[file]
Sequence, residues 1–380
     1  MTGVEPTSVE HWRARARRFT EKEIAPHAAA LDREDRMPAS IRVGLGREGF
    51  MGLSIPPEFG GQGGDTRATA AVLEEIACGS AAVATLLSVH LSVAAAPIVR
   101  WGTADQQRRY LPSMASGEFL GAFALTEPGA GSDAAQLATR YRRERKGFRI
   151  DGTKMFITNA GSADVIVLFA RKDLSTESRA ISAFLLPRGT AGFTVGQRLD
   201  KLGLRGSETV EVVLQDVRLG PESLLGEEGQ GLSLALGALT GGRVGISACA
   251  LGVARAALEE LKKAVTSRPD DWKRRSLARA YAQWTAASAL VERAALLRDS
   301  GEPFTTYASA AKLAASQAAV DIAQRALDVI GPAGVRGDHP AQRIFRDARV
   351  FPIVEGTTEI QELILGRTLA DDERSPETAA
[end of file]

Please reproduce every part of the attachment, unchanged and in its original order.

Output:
Sequence, residues 1–380
     1  MTGVEPTSVE HWRARARRFT EKEIAPHAAA LDREDRMPAS IRVGLGREGF
    51  MGLSIPPEFG GQGGDTRATA AVLEEIACGS AAVATLLSVH LSVAAAPIVR
   101  WGTADQQRRY LPSMASGEFL GAFALTEPGA GSDAAQLATR YRRERKGFRI
   151  DGTKMFITNA GSADVIVLFA RKDLSTESRA ISAFLLPRGT AGFTVGQRLD
   201  KLGLRGSETV EVVLQDVRLG PESLLGEEGQ GLSLALGALT GGRVGISACA
   251  LGVARAALEE LKKAVTSRPD DWKRRSLARA YAQWTAASAL VERAALLRDS
   301  GEPFTTYASA AKLAASQAAV DIAQRALDVI GPAGVRGDHP AQRIFRDARV
   351  FPIVEGTTEI QELILGRTLA DDERSPETAA